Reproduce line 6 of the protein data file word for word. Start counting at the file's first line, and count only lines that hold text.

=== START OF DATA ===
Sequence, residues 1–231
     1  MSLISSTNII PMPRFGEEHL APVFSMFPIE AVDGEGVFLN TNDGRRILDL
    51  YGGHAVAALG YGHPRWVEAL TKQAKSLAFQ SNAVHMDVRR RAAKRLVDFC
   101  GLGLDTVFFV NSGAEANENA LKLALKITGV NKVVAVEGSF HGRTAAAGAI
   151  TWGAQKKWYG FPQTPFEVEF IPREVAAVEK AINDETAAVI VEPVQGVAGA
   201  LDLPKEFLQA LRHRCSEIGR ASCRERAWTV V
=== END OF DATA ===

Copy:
   201  LDLPKEFLQA LRHRCSEIGR ASCRERAWTV V